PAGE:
Anyone that has tuned into my online webinars during the past few years will be aware roughly of the topics covered when looking at manufacturing value-chain metrics, and the seminar at PV IndiaTech will broadly follow these guidelines, but focused on “what does this mean for new capacity within India, and how can it compete and be of value to developers and EPCs in the next few years”.

The seminar will start by looking at the likely technology split for module supply globally over the next five years, including some of the factors that drive inflection points in technology availability. This will be followed by going through the c-Si value-chain, from poly to module, explaining the cost benchmarks for both p-multi and p-mono and how this sustains further ASP erosion going forward.

In particular, the talk will focus on the companies that are the drivers behind low-cost manufacturing, for polysilicon, wafers, cells and modules. This is essential today, as this sets the low-cost threshold that everyone is judged against and is the difference between margins being positive or in the red.

The tricky bit comes next and is the question that the entire Make-in-India solar proposition is founded on: how can India prosper when investing in new manufacturing capacity going forward, and how can it compete with China. One can almost forget other countries outside India in terms of benchmarking: everything is about China as the benchmark.

So, one final question. Do you think there will be one clear call-to-action or will the debate rumble on for years to come, in terms of how India adds new capacity and is competitive on the global stage?

The good thing is there is no single route to be competitive going forward, but several. Everything does come back to investor returns and not module ASP or site-build capex. It seems simple and obvious to say, but all too often when solar farms builds kick off in countries, this is not fully implemented.

When you look globally at how utility-scale market evolve, there is a transition point from EPC driven site capex to investor-driven site returns. India would appear to be pending this key inflection point, but the more that completed site builds come under the spotlight in terms of performance ratio reviews, the more likely investors are to have an influence on capex, supplier choice and – importantly – technology selection.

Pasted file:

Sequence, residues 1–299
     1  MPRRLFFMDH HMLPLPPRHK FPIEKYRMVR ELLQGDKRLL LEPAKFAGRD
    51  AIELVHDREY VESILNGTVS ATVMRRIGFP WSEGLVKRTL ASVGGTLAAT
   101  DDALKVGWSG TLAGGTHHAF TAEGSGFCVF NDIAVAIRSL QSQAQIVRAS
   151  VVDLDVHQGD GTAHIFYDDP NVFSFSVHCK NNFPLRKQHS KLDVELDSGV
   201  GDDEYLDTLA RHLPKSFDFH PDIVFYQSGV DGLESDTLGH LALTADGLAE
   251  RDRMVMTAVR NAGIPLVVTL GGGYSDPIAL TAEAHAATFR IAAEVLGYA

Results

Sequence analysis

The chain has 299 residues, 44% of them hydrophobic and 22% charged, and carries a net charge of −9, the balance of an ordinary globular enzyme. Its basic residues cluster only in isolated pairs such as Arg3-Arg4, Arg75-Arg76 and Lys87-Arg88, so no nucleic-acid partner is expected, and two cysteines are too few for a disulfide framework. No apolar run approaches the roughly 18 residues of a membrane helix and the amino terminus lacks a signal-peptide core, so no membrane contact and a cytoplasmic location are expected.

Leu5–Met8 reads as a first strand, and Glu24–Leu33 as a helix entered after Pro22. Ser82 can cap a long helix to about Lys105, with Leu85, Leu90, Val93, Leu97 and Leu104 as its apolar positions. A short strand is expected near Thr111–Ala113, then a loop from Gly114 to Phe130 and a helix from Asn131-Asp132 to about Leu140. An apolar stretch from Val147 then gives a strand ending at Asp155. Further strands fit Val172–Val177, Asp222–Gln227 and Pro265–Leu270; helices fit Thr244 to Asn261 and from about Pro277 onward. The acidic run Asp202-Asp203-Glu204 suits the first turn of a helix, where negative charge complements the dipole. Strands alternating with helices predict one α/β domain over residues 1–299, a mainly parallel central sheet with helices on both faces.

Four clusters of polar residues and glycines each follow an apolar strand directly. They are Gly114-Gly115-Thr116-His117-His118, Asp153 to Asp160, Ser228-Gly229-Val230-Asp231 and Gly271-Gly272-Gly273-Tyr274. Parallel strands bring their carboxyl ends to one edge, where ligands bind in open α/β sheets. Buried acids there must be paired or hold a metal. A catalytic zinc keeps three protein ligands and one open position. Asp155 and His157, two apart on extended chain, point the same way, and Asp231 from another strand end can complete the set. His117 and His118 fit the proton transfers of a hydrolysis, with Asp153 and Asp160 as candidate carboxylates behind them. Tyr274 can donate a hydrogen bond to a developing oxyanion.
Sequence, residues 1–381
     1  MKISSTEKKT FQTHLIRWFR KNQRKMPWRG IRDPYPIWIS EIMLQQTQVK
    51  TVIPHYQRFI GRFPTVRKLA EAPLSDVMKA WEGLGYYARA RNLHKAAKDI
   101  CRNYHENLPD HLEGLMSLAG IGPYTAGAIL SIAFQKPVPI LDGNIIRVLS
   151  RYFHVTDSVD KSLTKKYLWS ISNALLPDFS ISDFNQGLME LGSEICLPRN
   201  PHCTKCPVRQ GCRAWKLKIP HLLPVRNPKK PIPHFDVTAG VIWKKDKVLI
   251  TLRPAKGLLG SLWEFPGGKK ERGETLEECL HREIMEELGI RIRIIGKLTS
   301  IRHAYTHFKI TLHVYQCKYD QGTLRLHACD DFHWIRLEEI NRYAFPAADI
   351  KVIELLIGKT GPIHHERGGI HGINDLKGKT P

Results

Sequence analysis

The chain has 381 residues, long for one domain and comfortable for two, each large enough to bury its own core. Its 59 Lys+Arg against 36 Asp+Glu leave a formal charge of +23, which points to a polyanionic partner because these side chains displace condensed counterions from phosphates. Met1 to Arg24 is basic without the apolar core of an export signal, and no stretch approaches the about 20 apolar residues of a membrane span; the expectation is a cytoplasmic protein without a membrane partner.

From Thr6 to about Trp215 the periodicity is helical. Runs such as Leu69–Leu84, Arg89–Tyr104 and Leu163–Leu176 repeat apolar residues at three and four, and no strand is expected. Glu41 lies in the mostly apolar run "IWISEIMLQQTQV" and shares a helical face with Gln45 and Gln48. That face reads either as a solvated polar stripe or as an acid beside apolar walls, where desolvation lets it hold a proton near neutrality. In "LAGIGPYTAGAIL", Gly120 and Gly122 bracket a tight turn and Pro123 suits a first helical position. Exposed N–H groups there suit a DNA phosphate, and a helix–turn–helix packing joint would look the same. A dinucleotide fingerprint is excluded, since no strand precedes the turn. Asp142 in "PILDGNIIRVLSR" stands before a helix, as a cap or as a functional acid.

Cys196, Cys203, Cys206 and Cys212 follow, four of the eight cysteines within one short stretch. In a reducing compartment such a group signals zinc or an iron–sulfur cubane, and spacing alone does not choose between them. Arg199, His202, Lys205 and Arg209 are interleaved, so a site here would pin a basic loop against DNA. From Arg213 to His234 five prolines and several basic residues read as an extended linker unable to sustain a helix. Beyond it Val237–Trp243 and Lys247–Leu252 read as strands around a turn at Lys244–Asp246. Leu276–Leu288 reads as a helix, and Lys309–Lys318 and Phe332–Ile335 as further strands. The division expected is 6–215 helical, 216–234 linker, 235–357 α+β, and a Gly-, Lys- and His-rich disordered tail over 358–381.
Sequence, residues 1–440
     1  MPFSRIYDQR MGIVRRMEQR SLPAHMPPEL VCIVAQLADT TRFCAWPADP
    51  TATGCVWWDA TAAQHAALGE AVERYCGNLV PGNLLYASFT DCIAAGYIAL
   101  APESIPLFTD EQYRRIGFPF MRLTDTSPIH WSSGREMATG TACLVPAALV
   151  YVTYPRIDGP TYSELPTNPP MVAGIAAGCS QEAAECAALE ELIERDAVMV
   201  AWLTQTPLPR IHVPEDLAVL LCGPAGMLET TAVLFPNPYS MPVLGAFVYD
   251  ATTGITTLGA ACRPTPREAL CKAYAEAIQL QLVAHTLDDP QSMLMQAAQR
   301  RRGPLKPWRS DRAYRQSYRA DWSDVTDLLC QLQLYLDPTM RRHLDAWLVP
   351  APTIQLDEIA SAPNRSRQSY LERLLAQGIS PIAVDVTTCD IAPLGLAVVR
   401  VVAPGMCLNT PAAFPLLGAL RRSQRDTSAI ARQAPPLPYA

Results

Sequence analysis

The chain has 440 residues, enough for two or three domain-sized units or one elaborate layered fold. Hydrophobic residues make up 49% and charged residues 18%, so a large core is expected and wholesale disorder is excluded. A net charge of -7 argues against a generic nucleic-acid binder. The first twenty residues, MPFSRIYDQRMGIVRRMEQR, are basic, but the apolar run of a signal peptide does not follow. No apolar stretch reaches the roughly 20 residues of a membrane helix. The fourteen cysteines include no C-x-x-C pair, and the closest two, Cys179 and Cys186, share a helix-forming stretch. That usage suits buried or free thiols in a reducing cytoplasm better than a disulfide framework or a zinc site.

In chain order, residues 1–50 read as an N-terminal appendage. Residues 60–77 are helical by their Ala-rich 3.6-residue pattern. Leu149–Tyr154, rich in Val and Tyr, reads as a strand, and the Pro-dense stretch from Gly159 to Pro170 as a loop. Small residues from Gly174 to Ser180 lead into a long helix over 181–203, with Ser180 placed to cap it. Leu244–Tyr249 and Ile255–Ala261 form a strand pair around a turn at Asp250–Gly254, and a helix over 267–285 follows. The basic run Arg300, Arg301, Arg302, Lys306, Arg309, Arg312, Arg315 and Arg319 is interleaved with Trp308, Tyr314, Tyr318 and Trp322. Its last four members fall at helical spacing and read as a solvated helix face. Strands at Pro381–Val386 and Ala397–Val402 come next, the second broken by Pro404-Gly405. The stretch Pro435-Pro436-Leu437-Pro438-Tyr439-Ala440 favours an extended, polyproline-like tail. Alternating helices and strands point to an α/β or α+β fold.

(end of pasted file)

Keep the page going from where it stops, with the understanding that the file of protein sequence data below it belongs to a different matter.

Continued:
Therefore, whether the offer is p-multi, p-mono PERC or n-type, there are attractive IRRs on offer going forward in the next few years, but in each case, product quality and supplier selection are paramount, and the role of third-party testing labs, factory auditors and independent engineers.

This means there is no binary selection process in terms of technology for new capacity, but more the requirement to focus on being aligned with benchmarks whether n/p type or mono/multi based, or in that matter mono-facial/bifacial, and so on for fixed-axis or tracking.

A few years ago, project development and module selection was weighted largely to p-multi (60 or 72-cell), but globally this has moved dramatically in the past few years. India will make this move in the next 12-18 months, at exactly the point where new manufacturing capacity comes online. As such, it would appear prudent to have knowledge on which technologies will be part of industry supply for utility-use in the next few years, and how each can offer returns to investors, with reliable and predicable yields.

 

The PV IndiaTech 2019 event takes place in Delhi on 24-25 April 2019. Details on how to attend can be found through the event website here.

Tags: pv indiatech 2019, c-si manufacturing, solar cell, pv modules, pv power plants, monocrystalline wafer, p-type mono perc, finlay colville